DT on Dance Moms: Losing

It’s almost time for Nationals and the stress is palpable on Dance Moms this week. But at least everyone looked good: The moms and girls are pretty in pink, Nia’s hair is Afro-tastic and Vivi-Anne is wearing way too much makeup. The moms are in a tizzy when the competition runs 30 minutes ahead of schedule. Melissa instructs her 8-year-old daughter to “be a grownup,” and Cathy is even more annoying than usual (we didn’t think it was possible!) Poor Nia fell behind the pack in the group routine, but kept up her positive attitude: “Abby pushes me really hard, but I don’t mind because it makes me a better dancer,” she says.


The rest of these girls, however, are very sore losers—an issue that has popped up countless times on Dance Moms. First, Maddie cries backstage over Nia’s mistakes, saying, “We were terrible, I’m really embarrassed.” Then, the moms are visibly upset when the girls place second instead of first. Most studios would kill for a trophy like that! Abby Lee tells them before they go on to be happy when they come offstage no matter what, but they just don’t seem to hear her. Here are DT’s tips for making sure your competition team has a winning attitude, no matter what goes down on stage or where they place:


Choose competitions that are in line with your studio’s philosophy. Doing research ahead of time can help you find the event that best suits the abilities and goals of your team—and provides an environment that both challenges and nurtures them.


Don’t apply pressure to live up to your own legacy. While winning streaks can be an amazing feather in your studio’s cap, they can also add the weight of too-high expectations. Whether your team is defending a national title or coming off a first-place finish, it’s important to remind dancers that every competition is a clean slate.


Befriend your competitors. Losing to another team can be a lot easier to swallow if your dancers are truly happy for the winners. Many events have friend exchanges and opportunities to socialize with the other teams—take advantage of them!


Instill strong sportsmanship values. Rather than cultivating a “first place is best” mentality, encourage your dancers to be appreciative and accept their award graciously.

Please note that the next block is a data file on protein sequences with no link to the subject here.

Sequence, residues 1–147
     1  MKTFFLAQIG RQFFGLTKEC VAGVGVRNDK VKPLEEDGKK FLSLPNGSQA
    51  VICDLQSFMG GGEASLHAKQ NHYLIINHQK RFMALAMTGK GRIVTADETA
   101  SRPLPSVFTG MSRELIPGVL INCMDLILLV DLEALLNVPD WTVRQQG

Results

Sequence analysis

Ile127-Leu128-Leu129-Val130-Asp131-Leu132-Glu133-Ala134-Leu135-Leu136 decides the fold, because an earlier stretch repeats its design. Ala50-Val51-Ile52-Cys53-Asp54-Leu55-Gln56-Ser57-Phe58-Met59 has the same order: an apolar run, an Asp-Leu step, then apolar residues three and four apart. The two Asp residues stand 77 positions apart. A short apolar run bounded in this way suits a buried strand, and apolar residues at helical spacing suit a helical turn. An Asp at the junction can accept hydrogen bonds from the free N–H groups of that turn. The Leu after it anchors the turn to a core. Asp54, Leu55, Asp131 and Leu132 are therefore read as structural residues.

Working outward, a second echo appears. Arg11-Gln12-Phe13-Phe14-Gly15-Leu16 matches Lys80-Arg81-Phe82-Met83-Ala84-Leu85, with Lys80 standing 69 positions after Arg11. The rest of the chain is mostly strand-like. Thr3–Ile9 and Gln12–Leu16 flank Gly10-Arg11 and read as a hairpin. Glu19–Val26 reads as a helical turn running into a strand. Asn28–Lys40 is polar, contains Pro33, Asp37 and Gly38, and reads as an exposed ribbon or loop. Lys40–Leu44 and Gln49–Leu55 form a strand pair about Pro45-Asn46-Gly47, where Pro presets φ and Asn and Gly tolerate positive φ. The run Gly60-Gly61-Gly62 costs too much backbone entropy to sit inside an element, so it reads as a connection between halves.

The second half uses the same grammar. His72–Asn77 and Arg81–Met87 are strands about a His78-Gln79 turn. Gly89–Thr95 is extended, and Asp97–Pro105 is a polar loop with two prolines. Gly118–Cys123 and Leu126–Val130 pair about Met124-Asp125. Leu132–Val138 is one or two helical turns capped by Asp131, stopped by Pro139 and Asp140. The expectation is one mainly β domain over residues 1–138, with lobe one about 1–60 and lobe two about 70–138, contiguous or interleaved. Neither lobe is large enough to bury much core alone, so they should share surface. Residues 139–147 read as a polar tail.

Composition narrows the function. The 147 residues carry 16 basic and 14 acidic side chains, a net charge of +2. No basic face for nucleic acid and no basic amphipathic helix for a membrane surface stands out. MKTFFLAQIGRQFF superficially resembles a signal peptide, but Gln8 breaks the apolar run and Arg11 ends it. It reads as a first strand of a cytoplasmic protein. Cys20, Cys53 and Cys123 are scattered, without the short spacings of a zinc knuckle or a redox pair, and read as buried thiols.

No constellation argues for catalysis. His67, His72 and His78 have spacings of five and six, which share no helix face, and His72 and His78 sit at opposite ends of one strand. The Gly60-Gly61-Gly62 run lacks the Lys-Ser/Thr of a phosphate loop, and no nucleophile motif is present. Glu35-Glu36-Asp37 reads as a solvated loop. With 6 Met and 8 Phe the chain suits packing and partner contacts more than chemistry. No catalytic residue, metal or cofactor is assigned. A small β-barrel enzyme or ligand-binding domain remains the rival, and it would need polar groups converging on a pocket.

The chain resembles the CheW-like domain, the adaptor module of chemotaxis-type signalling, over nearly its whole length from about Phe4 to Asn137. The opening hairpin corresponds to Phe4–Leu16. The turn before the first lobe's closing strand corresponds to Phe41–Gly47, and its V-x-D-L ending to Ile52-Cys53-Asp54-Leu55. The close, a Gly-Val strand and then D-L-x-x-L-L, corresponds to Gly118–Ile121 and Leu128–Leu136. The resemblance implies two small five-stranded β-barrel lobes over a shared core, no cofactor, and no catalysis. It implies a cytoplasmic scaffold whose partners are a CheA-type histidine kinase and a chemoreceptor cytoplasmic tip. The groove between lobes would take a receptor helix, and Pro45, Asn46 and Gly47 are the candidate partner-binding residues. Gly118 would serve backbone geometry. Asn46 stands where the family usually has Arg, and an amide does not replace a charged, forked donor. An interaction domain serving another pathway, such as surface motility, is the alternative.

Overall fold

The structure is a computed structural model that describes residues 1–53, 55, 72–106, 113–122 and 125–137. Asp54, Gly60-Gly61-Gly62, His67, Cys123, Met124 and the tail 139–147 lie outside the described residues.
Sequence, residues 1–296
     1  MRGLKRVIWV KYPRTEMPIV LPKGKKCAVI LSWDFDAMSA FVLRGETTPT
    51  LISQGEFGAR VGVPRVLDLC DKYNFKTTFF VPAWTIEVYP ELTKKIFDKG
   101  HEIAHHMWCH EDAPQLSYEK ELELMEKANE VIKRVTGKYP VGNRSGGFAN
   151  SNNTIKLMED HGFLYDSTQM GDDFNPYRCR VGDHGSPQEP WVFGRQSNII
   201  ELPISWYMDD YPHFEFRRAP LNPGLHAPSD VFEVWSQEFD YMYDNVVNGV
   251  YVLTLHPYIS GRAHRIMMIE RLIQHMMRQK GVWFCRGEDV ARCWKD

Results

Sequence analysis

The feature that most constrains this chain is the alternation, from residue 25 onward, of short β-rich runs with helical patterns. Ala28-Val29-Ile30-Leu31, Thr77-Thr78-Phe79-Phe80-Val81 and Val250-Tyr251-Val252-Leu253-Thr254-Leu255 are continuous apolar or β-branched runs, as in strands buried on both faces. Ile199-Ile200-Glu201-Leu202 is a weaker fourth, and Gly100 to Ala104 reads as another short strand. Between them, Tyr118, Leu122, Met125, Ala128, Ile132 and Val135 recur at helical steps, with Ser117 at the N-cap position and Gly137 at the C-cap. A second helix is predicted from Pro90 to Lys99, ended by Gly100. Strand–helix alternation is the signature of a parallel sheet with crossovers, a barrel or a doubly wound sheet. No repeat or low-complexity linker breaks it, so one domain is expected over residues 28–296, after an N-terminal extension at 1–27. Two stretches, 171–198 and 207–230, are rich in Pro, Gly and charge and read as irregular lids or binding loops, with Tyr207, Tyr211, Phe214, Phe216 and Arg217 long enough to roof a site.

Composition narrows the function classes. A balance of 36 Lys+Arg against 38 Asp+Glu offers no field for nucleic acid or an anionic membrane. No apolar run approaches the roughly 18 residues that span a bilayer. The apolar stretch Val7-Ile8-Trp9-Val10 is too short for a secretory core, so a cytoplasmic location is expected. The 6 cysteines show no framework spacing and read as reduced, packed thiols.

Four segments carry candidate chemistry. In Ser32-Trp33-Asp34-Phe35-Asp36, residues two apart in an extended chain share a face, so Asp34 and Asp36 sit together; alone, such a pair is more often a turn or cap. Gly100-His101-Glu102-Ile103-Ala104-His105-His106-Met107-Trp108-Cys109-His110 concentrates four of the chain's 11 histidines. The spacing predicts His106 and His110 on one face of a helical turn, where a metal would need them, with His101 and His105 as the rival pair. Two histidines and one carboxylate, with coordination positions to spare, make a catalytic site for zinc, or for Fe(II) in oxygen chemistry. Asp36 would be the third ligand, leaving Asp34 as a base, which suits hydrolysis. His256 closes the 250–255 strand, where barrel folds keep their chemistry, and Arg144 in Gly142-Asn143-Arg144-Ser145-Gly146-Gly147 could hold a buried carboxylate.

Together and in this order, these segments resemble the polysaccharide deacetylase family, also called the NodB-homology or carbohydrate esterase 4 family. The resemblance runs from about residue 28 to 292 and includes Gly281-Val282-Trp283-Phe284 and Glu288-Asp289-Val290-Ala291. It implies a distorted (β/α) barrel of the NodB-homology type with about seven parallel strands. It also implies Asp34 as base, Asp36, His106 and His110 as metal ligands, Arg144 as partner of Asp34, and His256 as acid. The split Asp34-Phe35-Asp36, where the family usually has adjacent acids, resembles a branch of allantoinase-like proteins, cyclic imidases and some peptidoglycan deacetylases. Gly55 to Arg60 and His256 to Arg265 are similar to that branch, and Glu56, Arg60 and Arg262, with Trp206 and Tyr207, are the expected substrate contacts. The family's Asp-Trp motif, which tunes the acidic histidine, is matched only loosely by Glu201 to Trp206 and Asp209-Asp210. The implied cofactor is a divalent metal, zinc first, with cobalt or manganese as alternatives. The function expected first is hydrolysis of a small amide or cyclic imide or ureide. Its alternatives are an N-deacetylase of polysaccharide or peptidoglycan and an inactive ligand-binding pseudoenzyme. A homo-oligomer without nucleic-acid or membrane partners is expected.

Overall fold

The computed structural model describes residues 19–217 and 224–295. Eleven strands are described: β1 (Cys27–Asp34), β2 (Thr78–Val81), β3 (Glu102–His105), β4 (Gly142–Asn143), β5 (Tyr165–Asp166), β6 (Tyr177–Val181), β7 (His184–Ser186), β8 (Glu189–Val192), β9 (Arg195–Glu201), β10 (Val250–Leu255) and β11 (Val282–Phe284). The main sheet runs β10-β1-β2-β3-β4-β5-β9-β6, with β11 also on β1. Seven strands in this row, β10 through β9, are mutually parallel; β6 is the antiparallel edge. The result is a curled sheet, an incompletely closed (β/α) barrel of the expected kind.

Be honest about your team’s prospects. When dancers come off the floor at competition, many of them seek reassurance and feedback from their teacher. Though it’s important to be encouraging, fostering unrealistic expectations may lead to disappointment.


Look on the bright side. After missing out on first place, provide your dancers with a reality check. Remind them that many others would be thankful to be in their position right now.


(Tips based on “Winning Attitudes” by Jen Jones) 


And the quote of the week comes from Ms. Abby Lee Miller herself:

“That minister Dawn needs a bible refresher course—thou shall not lie, thou shall not steal, and thou shall not disrespect Abby.”


Teachers Trending
Courtesy Lovely Leaps

After the birth of her daughter in 2018, engineer Lisa McCabe had reservations about returning to the workforce full-time. And while she wanted to stay home with the new baby, she wasn't ready to stop contributing financially to her family (after all, she'd had a successful career designing cables for government drones). So, when she got a call that September from an area preschool to lead its dance program, she saw an opportunity.

The invitation to teach wasn't completely out of the blue. McCabe had grown up dancing in Southern California and had a great reputation from serving as her church's dance teacher and team coach the previous three years (stopping only to take a break as a new mother). She agreed to teach ballet and jazz at the preschool on Fridays and from there created an age-appropriate class based on her own training in the Cecchetti and RAD methods. It was a success: In three months, class enrollment went from six to 24 students, and just one year later, McCabe's blossoming Lovely Leaps brand had contracts with eight preschools and three additional teachers.

Keep reading... Show less
Courtesy Shake the Ground

Dance competitions were among the first events to be shut down when the COVID-19 pandemic exploded in the U.S. in mid-March, and they've been among the last able to restart.

So much of the traditional structure of the competition—large groups of dancers and parents from dozens of different studios; a new city every week—simply won't work in our new pandemic world.

How, then, have competitions been getting by, and what does the future look like?

Keep reading... Show less
Getty Images

Despite worldwide theater closures, the Universal Ballet Competition is keeping The Nutcracker tradition alive in 2020 with an online international competition. The event culminates in a streamed, full-length video of The Virtual Nutcracker consisting of winning entries on December 19. The competition is calling on studios, as well as dancers of all ages and levels, to submit videos by November 29 to be considered.

"Nutcracker is a tradition that is ingrained in our hearts," says UBC co-founder Lissette Salgado-Lucas, a former dancer with Royal Winnipeg Ballet and Joffrey Ballet. "We danced it for so long as professionals, we can't wait to pass it along to dancers through this competition."

Keep reading... Show less

Get Dance Business Weekly in your inbox

Sign Up Used in accordance with our Privacy Policy.